* Contribution Level
1
2
3
4
5
1 To improve theoretical and conceptual proficiencies on Political Science and International Relations and to ultimately deepen and develop intellectual interest X
2 To evaluate the relationships between factors in the field of Political Science and International Relations such as structures, actors, institutions and culture in a critical perspective  X
3 To provide advanced competences to determine and question the theoretical and emprical gaps in Political Science and International Relations literature  X
4 To identify the political and cultual conditions that generate discrimination mechanisms based on race, ethnic groups, gender and religion at national and international levels  X
5 To provide competences to develop original arguments in order to fill the gaps in Political Science and International Relations literature X
6 To determine, collect, resolve, and interpret the data that would measure the theories and concepts as variables by using scientific research methods in Political Science and International Relations field X
7 To use confidently the terms and concepts of Political Science and International Relations  X
8 To communicate systematically, in written, oral, and visual forms, contemporary developments in Political Science and International Relations to groups inside and outside the said discipline  X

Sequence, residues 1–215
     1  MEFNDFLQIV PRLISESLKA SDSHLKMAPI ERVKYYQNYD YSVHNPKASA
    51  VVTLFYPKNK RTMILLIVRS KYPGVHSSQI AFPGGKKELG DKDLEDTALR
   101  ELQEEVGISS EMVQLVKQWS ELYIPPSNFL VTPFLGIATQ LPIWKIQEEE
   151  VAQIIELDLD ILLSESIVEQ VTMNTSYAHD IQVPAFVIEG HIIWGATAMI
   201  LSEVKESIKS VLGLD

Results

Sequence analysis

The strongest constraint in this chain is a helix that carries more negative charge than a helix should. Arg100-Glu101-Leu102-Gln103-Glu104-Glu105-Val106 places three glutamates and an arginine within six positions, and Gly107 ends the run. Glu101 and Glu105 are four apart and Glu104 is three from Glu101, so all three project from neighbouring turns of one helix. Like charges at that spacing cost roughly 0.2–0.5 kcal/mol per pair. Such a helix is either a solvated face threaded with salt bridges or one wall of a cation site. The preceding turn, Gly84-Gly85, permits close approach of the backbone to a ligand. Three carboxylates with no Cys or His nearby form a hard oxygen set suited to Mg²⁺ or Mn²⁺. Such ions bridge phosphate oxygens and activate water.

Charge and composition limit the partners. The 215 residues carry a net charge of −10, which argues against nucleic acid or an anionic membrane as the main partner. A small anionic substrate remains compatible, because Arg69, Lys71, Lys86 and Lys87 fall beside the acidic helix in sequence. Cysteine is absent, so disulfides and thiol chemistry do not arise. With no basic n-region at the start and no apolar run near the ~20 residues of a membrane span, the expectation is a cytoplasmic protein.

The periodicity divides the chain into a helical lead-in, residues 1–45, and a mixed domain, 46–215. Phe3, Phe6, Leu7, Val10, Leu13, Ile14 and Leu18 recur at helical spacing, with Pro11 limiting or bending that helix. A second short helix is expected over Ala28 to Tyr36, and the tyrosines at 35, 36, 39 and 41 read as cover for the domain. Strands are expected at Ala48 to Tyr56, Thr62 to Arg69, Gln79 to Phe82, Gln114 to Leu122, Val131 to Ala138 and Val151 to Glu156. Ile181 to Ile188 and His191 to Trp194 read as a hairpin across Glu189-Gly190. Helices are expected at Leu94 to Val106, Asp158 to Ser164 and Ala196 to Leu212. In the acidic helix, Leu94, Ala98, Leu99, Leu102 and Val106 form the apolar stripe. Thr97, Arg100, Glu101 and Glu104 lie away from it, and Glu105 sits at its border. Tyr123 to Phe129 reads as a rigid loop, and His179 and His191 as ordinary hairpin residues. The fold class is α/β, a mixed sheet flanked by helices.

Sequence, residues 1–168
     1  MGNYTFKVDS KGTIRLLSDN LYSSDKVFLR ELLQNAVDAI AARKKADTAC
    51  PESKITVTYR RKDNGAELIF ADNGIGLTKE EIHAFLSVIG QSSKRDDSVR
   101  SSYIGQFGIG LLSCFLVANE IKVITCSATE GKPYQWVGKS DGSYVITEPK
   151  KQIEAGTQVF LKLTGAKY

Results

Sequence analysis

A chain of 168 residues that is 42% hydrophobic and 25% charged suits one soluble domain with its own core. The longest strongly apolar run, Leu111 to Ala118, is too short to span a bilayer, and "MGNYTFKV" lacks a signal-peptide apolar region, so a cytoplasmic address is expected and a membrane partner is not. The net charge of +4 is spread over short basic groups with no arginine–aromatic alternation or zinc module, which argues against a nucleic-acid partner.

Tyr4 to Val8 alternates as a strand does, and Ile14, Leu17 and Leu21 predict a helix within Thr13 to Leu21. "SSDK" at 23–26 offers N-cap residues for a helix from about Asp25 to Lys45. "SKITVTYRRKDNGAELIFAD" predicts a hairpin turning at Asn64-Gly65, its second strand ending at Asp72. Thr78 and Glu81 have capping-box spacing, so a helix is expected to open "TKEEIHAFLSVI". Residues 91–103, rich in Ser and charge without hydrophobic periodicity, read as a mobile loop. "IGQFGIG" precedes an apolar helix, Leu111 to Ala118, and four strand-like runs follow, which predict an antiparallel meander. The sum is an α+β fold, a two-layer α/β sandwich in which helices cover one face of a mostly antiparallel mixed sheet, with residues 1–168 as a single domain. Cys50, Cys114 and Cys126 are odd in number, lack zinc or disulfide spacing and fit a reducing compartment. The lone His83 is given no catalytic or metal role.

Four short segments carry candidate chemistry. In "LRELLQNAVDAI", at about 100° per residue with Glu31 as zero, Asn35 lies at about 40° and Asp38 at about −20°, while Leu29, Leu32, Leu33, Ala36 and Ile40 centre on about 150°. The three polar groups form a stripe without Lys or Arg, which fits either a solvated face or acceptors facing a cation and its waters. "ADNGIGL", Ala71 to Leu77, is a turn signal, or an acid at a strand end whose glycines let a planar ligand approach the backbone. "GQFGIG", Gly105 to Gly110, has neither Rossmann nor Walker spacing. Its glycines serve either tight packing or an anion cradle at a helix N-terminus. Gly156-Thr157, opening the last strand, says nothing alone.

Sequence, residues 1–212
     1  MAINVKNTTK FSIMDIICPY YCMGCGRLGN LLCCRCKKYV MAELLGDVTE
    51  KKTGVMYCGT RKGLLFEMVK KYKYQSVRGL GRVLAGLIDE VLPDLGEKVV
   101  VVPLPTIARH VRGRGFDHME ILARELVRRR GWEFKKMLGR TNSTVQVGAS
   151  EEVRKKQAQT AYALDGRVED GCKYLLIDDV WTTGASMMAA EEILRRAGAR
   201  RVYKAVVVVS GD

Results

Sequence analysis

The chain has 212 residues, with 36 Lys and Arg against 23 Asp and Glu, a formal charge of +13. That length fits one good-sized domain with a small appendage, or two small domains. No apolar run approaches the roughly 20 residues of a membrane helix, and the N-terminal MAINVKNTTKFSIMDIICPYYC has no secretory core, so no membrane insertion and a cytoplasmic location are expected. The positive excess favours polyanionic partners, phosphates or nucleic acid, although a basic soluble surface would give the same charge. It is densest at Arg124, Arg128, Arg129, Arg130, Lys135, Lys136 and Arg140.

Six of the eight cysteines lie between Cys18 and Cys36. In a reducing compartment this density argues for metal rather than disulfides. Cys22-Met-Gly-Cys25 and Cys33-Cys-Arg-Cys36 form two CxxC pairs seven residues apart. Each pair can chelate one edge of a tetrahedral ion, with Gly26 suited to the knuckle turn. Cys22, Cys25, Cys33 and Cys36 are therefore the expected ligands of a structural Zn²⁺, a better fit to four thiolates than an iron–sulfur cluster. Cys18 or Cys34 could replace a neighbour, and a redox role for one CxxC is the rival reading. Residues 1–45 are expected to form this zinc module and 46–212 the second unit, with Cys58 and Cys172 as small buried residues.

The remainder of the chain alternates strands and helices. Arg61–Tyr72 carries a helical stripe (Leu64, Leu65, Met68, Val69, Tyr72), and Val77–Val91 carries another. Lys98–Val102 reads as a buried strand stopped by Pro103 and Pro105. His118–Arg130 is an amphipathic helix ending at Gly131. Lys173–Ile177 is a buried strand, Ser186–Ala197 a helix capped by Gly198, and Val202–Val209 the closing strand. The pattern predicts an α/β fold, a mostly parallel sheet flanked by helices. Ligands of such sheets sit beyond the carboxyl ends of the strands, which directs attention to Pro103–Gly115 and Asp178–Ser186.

9 To take responsibility in an individual capacity and as part of a team in generating solutions to unexpected problems that arise in relation to politics in daily life  X
10 To develop projects determining the institutional and political instruments for management of domestic and international conflicts  X
11 To prepare an orginal thesis/term project about Political Science and International Relations in accordance with scentific criteria  X
12 To design and carry out a scientific research project in the field of Political Science and International Relations  X
13 To have ethical, social and scientific values in the stages throughout the processes of collecting, interpreting, disseminating and implementing data relevant to Political Science and International Relations  X

*1 Lowest, 2 Low, 3 Average, 4 High, 5 Highest